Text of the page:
COVID Pandemic Schools

COVID Pandemic Effects on Schools: A Teacher’s Perspective

The global COVID-19 pandemic has affected all of us in some way. Whether we have lost loved ones; have had to work from home or have been so unfortunate as to suffer mental health depletion, COVID-19 has been unkind to each and every one of us. From my own perspective as a secondary school teacher in the United Kingdom, it has grown obvious that perhaps, more than anyone, those most impacted by COVID-19 are, in fact, those belonging to the younger generations. Let us explore why and how the COVID pandemic has hit schools so hard.

Pandemic Effects on Education: A Teacher’s Perspective

Unfortunate For Students

For many students, the COVID-19 pandemic has taken away a big chunk of their schooling experience. For example, in the UK, we do not have the same “grade” system as in the United States (and, indeed, many other countries); there is no middle school, you attend primary school until the age of 11, before jumping over to high school in your first September as an 11 year old – the first year of high school dubbed “Year 7”. Then, you are in high school until your final summer as a 16 year old – we call this “Year 11”. Today’s Year 9 pupils – the middle group in high school, seen as the year group where pupils begin to mature in young adults – have now spent the vast majority of their high schooling experience under pandemic rules; including social distancing, the wearing of masks in class, dreaded “one way systems” and and an excessive amount of hand-sanitizer.

It is depressing, certainly, that pupils have lost so much time. With constant lockdowns having occurred throughout their schoolship, they have also mostly suffered from home-schooling – with parents trying their best to balance teaching their own children with work and life. It is no surprise, then, that more pupils have fallen behind their predicted averages than ever before. Most tragically, language development has fallen behind – impacting children from working-class and impoverished backgrounds the most. The consequences of the COVID-19 pandemic have evidently brought negative impact upon the schooling system and the educational development of children. Indeed, it is even noticeable within classrooms. However, perhaps more tragically, is the impact on children’s mental health.

Mental Health Consequences

Though we are out of lockdown now and, hopefully, need not return, children’s mental health has not improved overall. Going into the first UK lockdown in Spring last year, high school children displayed a vast mix of emotions. Many were worried: why wouldn’t they be? They all saw the effect a long-term school closure would have on their development, their grades and, indeed, their lives. Some were confused – unsure as to what to make of COVID, the lockdown and everything that was to come. Some were even excited; grateful to the government for giving them time off school. The nationwide return to school that September, however, painted an entirely different picture.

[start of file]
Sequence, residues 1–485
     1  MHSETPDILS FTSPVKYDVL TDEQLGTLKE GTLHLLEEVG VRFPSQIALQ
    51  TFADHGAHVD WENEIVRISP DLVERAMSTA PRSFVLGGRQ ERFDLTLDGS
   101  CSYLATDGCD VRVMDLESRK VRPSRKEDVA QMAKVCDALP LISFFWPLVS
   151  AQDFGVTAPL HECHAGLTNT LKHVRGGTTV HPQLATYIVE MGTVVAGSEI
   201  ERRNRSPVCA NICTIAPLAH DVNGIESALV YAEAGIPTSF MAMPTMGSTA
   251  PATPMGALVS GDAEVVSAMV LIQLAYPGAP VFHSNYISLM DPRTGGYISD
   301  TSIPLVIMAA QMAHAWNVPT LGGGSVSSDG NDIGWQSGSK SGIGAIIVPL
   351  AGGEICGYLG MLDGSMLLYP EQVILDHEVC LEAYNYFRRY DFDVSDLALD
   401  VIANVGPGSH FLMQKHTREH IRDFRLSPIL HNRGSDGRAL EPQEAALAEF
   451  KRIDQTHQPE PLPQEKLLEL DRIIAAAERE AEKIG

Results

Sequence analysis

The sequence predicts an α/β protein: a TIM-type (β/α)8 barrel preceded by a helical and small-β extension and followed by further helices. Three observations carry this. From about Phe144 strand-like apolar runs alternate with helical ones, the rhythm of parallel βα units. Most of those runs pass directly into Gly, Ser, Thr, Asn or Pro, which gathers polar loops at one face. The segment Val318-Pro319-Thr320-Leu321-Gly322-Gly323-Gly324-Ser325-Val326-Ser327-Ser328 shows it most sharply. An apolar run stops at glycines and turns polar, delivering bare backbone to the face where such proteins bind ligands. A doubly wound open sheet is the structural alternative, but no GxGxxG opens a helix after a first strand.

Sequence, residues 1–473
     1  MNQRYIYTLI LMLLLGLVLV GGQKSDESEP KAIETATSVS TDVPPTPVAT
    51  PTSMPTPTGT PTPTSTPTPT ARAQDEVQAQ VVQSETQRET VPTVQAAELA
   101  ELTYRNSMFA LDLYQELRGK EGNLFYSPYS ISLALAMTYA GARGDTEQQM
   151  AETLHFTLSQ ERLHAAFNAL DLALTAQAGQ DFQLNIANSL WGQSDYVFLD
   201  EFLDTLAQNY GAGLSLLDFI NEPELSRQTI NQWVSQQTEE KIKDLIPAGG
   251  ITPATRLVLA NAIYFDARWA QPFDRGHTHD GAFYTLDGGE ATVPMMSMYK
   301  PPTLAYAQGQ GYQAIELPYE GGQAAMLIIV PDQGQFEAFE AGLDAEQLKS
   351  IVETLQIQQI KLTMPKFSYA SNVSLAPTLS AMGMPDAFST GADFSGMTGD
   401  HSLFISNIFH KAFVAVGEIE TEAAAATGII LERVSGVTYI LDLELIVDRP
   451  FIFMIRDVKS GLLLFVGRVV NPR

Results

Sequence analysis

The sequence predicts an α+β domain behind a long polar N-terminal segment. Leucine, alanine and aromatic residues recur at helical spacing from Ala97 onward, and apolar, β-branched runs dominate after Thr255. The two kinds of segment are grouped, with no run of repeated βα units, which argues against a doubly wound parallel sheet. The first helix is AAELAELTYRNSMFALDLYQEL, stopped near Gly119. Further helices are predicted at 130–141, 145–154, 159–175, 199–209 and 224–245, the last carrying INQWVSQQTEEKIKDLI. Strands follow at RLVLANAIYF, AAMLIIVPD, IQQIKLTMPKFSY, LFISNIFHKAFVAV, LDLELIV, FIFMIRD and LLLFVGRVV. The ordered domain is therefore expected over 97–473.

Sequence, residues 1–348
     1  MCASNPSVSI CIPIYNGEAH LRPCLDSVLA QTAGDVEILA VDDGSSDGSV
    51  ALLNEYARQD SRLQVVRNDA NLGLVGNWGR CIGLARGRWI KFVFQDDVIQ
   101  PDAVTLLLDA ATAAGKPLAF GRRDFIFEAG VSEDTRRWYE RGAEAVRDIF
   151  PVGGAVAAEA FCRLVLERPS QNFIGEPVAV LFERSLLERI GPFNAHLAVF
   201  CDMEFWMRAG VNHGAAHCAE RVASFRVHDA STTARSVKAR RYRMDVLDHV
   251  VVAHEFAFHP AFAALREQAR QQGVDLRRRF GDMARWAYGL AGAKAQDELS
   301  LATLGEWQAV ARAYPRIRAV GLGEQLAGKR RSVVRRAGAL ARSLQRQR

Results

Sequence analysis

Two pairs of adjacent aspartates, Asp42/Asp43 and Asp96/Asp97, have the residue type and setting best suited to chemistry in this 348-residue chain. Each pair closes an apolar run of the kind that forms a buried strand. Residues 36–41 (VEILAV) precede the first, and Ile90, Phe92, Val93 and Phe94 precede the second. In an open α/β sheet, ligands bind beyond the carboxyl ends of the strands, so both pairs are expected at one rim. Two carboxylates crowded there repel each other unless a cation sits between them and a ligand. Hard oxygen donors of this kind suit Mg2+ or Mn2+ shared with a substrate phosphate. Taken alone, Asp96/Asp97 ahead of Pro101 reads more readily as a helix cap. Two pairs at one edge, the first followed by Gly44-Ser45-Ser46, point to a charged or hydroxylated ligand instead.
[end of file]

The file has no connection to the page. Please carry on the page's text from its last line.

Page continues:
The general mood was as expected: after having been off school for so long, with many having not seen their friends in six months, they were excited to be back (overall). It quickly became apparent that many pupils had picked up heavy amounts of anxiety; not wanting fellow pupils to come too close to them; being worried about the health of their elders (individual conservation with pupils revealed many had sadly lost loved ones) and some pupils never returned at all – with some refusing to come in and others being forced to stay home by (understandably) worried and concerned parents/guardians. These mixes of different emotions also paint a problem for teachers; there are now far more pupils displaying symptoms of depleted mental health that it has become a task in itself trying to meet the individual needs of each pupil. If we cannot meet these individual needs, we are failing at our job.

A Potential Return to Normal

Through the hard work of educators and children alike – not to mention the majority of the population for choosing to receive a vaccine, as well as the healthcare workers who gave them – things are improving within schools and, slowly, returning to something resembling normal. Relaxing COVID measures within schools is making a difference and whereas anxiety remains high among the pupils, they are now far more capable (and accustomed) of enjoying school without much of the previous worries they had before. The hope is that, over time – and as we emerge from the absolute worst of the pandemic – they will be able to return to the schooling experience they deserve; where they can make the most of what should be some of the happiest memories of their lives. It is what they deserve for the sacrifices they have made so young.

More From LWOS Life

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